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Predicate Logic and Proofs

  1. Nov 1, 2011 #1
    1. The problem statement, all variables and given/known data

    No matter what positive real number x we choose, there exists some positive real number y
    such that yz2 > xz + 10 for every positive integer z.

    Translate the above statement to predicate logic and prove it using a direct approach.

    2. Relevant equations

    I don't believe that there are relevant equations for this problem.

    3. The attempt at a solution

    Let Q (x, y, z) = yz2 > xz + 10

    [itex]\forall[/itex]x ∈ ℝ+ [itex]\exists[/itex]y ∈ ℝ+ [itex]\forall[/itex]z ∈ [itex]Z[/itex]+ Q(x, y, z)

    Before I attempted to prove the theorem, I wanted to make sure that I got the predicate logic translation right. I don't think that the above translation is right, but I hope I'm on the right track. I've never translated into predicate logic with 3 variables. It's usually just x and y, so should it be (x, y, z)? Also, does [itex]\forall[/itex]z ∈ [itex]Z[/itex]+ come after Q (x, y, z) since it does in the statement?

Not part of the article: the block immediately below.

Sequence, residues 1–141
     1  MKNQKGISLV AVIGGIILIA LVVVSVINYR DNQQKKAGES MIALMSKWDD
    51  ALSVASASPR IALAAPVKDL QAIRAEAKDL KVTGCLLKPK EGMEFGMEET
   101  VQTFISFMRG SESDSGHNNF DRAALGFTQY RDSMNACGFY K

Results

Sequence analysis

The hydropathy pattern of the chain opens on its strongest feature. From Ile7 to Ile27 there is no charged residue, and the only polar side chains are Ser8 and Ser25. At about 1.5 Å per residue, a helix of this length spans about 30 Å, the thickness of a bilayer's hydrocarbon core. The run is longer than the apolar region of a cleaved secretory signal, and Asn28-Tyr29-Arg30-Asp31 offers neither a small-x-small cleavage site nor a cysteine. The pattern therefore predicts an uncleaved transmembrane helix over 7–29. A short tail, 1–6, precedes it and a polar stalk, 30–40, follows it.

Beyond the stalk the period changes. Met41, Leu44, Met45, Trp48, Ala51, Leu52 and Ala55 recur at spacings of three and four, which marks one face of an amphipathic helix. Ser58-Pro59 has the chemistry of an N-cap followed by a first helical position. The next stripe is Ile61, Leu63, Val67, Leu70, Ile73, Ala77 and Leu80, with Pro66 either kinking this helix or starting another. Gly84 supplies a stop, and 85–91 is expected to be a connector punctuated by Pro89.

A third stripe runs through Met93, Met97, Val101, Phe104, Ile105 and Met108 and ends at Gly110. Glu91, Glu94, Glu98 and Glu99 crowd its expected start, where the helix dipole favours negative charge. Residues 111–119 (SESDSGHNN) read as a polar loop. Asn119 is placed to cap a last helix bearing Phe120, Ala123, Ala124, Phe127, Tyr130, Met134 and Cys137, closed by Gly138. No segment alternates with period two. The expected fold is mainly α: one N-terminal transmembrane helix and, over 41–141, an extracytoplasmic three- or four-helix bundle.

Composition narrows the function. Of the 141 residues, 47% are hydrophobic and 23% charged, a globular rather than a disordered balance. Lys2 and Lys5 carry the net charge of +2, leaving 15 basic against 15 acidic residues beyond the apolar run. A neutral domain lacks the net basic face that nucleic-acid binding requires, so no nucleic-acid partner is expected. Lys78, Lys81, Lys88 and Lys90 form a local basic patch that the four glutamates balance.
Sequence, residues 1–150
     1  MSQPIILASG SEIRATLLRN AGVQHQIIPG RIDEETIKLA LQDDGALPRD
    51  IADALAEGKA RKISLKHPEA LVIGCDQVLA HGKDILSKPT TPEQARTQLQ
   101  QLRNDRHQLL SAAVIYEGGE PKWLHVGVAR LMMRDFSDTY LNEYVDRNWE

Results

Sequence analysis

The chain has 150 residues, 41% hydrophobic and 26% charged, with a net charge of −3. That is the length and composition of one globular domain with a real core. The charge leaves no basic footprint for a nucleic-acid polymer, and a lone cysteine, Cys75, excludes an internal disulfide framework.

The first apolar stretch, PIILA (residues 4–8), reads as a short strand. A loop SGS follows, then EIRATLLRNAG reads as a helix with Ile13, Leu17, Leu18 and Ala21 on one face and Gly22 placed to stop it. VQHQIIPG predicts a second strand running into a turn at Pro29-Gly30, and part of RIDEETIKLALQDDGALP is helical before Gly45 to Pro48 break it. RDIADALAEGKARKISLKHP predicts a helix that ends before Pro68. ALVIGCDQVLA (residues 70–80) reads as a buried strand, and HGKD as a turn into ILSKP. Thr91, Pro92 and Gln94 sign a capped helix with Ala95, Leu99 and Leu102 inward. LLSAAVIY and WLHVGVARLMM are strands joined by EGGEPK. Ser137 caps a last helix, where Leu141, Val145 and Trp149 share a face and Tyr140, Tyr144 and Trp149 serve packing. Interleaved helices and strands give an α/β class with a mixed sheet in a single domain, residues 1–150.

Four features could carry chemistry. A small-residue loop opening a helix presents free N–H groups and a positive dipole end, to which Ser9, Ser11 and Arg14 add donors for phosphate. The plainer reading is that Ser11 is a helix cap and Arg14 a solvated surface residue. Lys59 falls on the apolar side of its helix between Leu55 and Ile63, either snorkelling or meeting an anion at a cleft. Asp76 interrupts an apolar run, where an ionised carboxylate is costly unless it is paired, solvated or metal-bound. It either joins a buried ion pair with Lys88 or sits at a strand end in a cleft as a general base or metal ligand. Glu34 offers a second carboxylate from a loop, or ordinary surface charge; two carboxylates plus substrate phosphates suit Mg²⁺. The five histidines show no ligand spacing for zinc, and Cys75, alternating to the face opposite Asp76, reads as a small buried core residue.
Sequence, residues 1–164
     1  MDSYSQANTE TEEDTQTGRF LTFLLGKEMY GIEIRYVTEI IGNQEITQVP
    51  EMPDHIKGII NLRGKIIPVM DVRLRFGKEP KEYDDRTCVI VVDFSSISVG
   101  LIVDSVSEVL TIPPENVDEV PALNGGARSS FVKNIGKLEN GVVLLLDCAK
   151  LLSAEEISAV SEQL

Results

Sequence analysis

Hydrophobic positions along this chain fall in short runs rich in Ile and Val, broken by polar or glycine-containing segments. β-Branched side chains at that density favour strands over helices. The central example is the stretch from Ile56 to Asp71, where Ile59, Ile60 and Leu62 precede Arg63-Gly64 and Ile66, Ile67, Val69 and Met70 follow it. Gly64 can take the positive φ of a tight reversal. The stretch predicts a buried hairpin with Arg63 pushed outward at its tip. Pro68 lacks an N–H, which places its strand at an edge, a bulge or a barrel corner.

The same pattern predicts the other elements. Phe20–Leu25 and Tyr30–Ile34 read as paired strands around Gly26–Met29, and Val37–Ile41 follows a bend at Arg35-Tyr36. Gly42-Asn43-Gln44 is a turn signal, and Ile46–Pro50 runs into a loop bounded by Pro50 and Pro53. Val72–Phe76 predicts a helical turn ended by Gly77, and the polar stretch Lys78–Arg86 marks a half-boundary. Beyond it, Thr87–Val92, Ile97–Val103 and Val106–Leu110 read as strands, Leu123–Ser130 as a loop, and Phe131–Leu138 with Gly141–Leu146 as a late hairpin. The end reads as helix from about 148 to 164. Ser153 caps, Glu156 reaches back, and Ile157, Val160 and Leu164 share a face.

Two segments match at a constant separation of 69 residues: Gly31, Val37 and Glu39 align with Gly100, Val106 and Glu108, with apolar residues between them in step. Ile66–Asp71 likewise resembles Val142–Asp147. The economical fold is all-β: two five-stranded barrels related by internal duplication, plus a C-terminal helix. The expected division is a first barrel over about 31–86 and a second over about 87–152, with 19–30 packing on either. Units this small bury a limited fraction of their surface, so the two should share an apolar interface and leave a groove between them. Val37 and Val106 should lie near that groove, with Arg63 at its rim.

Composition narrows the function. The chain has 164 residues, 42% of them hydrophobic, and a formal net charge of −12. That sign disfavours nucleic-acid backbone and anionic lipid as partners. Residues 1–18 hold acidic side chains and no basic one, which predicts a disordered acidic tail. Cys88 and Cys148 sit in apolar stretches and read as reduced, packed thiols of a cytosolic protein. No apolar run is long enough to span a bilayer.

2. jcsd
  3. Nov 2, 2011 #2

    Mark44

    Staff: Mentor

    I would write it this way.

    [itex]\forall (x ∈ R^+, z ∈ Z^+) \exists y ∈ R^+ \ni Q(x, y, z)[/itex]

    In addition to other changes, I also replaced ℝwith R, since ℝis so tiny I can barely tell it's a version of the letter R.

    There's a nicer one that you can get with mathbb{R}, as in
    [itex]\mathbb{R}[/itex].
     
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